Major SCOTUS Decision for Marriage in Obergefell v Hodges
Supreme Court will make an important decision in the ongoing same-sex marriage debate with the Obergefell v. Hodges case.
Over 30 cases hang in the balance that will be facing the Supreme Court by the end of this month. The case on everyone’s mind, however, is the Obergefell v. Hodges case in Ohio. The story of the couple involved in this case seems to have resonated with many groups and individuals around the nation. Together for 20 years, Jim Obergefell and John Arthur felt a sense of urgency to get married in spite of having chosen not to. In Ohio, same-sex marriage is currently illegal, and they don’t recognize unions from outside states. Depending on the Supreme Court’s decision, states may be forced to recognize same-sex marriages from outside states.
John Arthur and Jim Obergefell
When Arthur and Obergefell married, they did so on a medical jet in Baltimore. It was a celebratory union in spite of Arthur’s crippling condition: ALS. Their choice to marry coincided with the Supreme Court’s rejection of the federal Defense of Marriage Act. “With John’s death approaching, it just gave us more of an impetus and more of a desire to have our relationship validated and recognized,” said Obergefell, though he admits they likely would have gotten married regardless since they’d been together for 20.5 years. As the condition worsened, he became bedridden and mostly immobile. When they married, he could only speak and move his right hand and head. They felt amazing “having the government recognition of our relationship. Having the government say you exist, you count.”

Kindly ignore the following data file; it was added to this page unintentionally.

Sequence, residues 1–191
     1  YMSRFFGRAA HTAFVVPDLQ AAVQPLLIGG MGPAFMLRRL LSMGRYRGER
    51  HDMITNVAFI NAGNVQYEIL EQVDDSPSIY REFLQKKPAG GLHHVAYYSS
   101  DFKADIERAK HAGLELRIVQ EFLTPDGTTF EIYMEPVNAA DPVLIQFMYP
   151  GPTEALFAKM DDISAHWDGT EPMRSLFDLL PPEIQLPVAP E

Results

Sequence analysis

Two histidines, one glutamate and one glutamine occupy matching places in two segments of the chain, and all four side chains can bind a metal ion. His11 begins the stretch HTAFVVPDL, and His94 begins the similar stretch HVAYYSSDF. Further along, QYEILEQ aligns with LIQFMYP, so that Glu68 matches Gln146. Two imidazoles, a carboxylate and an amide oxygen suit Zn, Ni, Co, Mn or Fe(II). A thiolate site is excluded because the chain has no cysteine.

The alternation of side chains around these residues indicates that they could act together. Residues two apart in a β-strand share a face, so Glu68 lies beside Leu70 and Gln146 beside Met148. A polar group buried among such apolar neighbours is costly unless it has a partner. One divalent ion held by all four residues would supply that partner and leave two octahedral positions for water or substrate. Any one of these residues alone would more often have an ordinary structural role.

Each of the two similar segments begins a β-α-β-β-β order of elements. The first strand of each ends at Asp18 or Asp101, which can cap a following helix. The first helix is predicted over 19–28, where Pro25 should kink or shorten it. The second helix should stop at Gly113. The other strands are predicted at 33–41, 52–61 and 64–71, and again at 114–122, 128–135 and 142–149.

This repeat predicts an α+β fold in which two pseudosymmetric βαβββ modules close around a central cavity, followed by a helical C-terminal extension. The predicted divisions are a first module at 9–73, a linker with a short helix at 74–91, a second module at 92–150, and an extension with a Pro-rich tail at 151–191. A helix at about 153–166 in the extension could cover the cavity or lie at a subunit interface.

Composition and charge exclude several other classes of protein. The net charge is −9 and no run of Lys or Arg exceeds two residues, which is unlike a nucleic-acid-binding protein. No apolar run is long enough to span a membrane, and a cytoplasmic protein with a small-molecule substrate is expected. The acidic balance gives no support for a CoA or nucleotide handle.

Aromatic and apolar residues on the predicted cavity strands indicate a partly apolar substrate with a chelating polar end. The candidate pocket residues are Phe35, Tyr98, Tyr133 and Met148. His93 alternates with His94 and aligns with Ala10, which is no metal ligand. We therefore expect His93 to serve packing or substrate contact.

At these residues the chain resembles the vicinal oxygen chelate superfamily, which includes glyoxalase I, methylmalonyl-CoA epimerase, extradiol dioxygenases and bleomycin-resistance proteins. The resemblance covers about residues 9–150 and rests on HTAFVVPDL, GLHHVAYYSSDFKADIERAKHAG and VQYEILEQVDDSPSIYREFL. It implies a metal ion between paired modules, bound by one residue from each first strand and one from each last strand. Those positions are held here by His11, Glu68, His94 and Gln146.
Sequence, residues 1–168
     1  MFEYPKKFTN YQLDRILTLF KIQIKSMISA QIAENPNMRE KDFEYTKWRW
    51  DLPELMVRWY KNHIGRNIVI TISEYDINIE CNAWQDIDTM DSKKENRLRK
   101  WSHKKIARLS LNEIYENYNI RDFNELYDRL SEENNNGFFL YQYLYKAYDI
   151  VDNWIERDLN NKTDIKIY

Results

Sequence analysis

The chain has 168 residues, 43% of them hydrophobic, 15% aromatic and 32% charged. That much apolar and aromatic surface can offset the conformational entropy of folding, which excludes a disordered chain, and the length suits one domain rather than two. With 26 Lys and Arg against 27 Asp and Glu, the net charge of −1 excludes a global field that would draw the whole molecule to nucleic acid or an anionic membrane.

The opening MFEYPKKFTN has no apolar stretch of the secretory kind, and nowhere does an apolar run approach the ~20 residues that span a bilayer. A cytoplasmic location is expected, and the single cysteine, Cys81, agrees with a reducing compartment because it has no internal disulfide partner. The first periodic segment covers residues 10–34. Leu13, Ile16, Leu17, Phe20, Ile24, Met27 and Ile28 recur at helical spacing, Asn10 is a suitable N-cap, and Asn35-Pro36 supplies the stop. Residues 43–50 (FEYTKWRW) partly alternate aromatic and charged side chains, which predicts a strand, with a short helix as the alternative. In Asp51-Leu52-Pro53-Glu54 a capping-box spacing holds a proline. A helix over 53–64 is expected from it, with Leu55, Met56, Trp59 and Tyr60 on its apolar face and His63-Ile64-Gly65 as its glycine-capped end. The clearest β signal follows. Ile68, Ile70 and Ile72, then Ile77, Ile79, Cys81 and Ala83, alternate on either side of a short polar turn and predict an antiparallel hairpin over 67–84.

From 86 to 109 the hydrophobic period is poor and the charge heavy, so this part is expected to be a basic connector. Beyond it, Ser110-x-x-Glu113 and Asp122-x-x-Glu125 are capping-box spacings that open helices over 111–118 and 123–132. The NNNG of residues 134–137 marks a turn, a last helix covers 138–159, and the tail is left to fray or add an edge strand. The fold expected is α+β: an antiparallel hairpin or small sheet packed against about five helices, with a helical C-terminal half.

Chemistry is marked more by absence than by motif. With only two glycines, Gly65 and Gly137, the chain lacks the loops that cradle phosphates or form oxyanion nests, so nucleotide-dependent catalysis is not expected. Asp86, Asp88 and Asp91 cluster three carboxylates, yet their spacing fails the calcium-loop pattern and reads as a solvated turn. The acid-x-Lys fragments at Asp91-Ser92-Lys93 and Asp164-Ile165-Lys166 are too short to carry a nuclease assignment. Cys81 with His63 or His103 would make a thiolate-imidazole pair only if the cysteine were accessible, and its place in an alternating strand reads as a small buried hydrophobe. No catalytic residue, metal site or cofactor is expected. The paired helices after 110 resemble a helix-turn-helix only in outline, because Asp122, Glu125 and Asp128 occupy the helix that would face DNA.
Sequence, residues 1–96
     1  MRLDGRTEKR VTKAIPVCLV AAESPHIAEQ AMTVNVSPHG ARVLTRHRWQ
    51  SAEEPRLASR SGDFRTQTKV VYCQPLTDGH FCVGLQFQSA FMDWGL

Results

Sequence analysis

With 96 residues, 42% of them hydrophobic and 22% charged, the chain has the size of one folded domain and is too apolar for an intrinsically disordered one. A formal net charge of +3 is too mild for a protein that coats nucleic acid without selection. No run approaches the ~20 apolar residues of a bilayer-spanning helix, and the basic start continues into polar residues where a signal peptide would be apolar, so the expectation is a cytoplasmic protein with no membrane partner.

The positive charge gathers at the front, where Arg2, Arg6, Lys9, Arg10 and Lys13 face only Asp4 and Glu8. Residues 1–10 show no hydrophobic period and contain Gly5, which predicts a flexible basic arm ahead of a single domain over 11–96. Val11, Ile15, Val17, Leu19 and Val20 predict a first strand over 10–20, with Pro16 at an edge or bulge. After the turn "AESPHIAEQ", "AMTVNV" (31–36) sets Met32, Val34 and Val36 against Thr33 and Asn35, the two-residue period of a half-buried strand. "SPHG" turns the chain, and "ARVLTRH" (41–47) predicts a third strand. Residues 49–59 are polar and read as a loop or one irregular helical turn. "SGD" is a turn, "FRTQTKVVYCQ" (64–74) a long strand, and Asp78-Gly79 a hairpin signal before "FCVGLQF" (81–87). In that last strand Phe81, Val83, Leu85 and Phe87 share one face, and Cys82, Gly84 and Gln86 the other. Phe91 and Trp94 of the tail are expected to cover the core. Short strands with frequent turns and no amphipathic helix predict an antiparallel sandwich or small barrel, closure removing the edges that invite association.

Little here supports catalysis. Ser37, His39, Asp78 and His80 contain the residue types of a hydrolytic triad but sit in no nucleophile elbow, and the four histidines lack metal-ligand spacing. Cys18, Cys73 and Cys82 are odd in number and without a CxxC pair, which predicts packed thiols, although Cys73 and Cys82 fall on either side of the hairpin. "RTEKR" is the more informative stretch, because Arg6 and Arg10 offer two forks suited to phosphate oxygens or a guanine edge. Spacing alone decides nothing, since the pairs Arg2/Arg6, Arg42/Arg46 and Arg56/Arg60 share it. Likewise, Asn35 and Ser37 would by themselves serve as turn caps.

Their next mission was in Ohio, where they aimed to have his death certificate say “married”. The court ruled that it was okay, however the following year, the court appealed and won. If Obergefell wins the new appeal with the higher court, Ohio will be required to recognize same-sex marriages from other states.
Thousands Take Sides Showing their Support or Condemnation
Over 7,500 pages have been submitted for the cases that are to be held this month. Obergefell v. Hodges alone has the highest number of filings seen since the 2012 Affordable Care Act case. The briefs were submitted by those who were for it, as well as those against it. Among the many groups to submit briefs, the US Conference of Catholic Bishops sent in a statement discouraging same-sex marriage and promoting traditional marriage.
The largest brief was from the President of the House of Deputies of the Episcopal Church. It was signed by many different groups, including the Union for Reform Judaism, the United Church of Christ and the Unitarian Universalist Association. Many religious groups in support of same-sex marriage said that not all views speak for all religions, adding that thousands of historic Christian leaders have views that challenge the old opinions of homosexuality. Others emphasize the number of Americans who feel their faith compels them to accept others, including LGBT citizens. Many republicans wrote that “the marriage bans challenged here target gay and lesbian couples, and their families, for injurious governmental treatment.”